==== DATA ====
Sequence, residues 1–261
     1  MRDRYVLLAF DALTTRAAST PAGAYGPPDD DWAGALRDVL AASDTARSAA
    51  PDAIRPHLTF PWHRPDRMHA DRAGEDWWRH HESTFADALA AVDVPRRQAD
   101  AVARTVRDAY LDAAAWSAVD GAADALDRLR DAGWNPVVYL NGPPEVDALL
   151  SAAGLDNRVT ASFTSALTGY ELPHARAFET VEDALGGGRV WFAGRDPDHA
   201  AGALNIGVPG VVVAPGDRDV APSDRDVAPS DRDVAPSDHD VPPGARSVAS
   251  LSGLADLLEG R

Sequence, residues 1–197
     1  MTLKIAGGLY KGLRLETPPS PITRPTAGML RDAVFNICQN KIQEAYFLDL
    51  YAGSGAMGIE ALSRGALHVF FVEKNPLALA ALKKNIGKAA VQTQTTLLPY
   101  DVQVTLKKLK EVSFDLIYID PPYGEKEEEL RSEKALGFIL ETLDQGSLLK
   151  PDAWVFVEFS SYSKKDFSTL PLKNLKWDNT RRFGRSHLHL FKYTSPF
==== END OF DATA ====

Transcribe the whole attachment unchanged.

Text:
Sequence, residues 1–261
     1  MRDRYVLLAF DALTTRAAST PAGAYGPPDD DWAGALRDVL AASDTARSAA
    51  PDAIRPHLTF PWHRPDRMHA DRAGEDWWRH HESTFADALA AVDVPRRQAD
   101  AVARTVRDAY LDAAAWSAVD GAADALDRLR DAGWNPVVYL NGPPEVDALL
   151  SAAGLDNRVT ASFTSALTGY ELPHARAFET VEDALGGGRV WFAGRDPDHA
   201  AGALNIGVPG VVVAPGDRDV APSDRDVAPS DRDVAPSDHD VPPGARSVAS
   251  LSGLADLLEG R

Sequence, residues 1–197
     1  MTLKIAGGLY KGLRLETPPS PITRPTAGML RDAVFNICQN KIQEAYFLDL
    51  YAGSGAMGIE ALSRGALHVF FVEKNPLALA ALKKNIGKAA VQTQTTLLPY
   101  DVQVTLKKLK EVSFDLIYID PPYGEKEEEL RSEKALGFIL ETLDQGSLLK
   151  PDAWVFVEFS SYSKKDFSTL PLKNLKWDNT RRFGRSHLHL FKYTSPF